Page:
Mourners in the aftermath of the 1997 Acteal massacre.
Mexico, News Briefs

Mexico: Former President Zedillo Sued For 1997 Acteal Massacre

September 20, 2011 By Andrew OReilly

Mourners in the aftermath of the 1997 Acteal massacre.

Family members and survivors of the 1997 attack in the Mexican state of Chiapas that killed 45 indigenous people sued former President Ernesto Zedillo for his alleged complicity in the massacre.

The 53-page lawsuit obtained by CNN states that the massacre in the village of Acteal was part of an alleged plan called Chiapas 94, which hoped to bring an end to the insurgency of the Zapatista Army of National Liberation (EZLN) in southern Mexico. The slaughter occurred on December 22, 1997 when a group of men entered the village and killed 45 people, including weapon and children.

“The mourners have been frustrated in their efforts to hold government accountable for the slaughter of Acteal,” said a document released the Miami law firm Rafferty Kobert Tenenholtz Bounds & Hess, who are representing the 10 relatives of the Acteal victims.

While Mexican officials claim that the attack was triggered over land disputes between residents of two Tzotzil ethnic communities, the survivors and relatives of those killed claim that the motive for the attack was political and that government officials provided both weapons and training to a conservative armed civilian force in an effort to wipe out the Zapatistas.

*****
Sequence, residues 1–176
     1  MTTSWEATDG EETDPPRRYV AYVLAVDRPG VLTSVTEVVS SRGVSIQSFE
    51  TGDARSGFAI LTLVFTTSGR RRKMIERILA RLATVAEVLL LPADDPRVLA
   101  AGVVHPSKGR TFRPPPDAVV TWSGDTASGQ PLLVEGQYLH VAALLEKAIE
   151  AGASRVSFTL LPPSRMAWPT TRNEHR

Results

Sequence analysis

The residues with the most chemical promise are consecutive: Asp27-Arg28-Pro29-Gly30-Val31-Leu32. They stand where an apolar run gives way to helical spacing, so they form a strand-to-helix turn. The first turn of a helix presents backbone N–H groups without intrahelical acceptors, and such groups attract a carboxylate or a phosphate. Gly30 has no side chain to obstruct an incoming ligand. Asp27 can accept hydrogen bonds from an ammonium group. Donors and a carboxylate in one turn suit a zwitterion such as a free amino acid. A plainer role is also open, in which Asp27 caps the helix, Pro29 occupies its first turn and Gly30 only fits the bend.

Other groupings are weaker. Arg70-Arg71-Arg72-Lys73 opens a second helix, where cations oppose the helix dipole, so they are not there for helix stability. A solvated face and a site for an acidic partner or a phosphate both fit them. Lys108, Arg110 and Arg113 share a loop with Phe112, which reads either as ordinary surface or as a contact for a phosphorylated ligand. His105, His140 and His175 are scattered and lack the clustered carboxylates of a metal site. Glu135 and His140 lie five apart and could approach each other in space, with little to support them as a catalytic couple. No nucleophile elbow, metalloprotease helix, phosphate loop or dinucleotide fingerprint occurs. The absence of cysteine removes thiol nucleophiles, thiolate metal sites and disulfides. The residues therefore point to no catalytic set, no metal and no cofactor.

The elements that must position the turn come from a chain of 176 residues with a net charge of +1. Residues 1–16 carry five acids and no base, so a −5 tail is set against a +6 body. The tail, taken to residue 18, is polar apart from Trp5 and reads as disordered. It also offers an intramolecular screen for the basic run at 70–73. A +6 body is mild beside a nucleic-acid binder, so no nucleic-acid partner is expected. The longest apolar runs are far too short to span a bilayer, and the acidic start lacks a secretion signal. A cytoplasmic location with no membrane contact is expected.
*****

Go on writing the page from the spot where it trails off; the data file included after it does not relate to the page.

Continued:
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The suit also alleges that Zedillo’s administration stopped peace talks and moved militarily against the Zapatistas because a report by a U.S. bank linked Mexico’s then-problematic economy to instability in the poor southern state of Chiapas.

Along with Zedillo, the suit also implicates former Attorney General Jorge Madrazo Cuéllar in covering up the massacre and the government’s role in the events.

After the massacre, Zedillo issued a statement denouncing the Acteal massacre as a criminal act of violence and called for an investigation by the Mexican government and the country’s National Human Rights Commission. “Those who participated in the planning and execution of this crime must receive the full rigor of the law, regardless of their social, political or religious condition, since nothing can justify the atrocity which they have committed,” he said in 1997.

Zedillo, who was president of Mexico from 1994 to 2000, is currently the director of the Center for the Study of Globalization and a professor of international economics and politics at Yale University. He lives in the U.S. state of Connecticut, where the suit was filed.

The 10 relatives, who wish to remain anonymous because of fear of retribution, are suing for compensatory and punitive damages.

Photo: orianomada @ Flickr.

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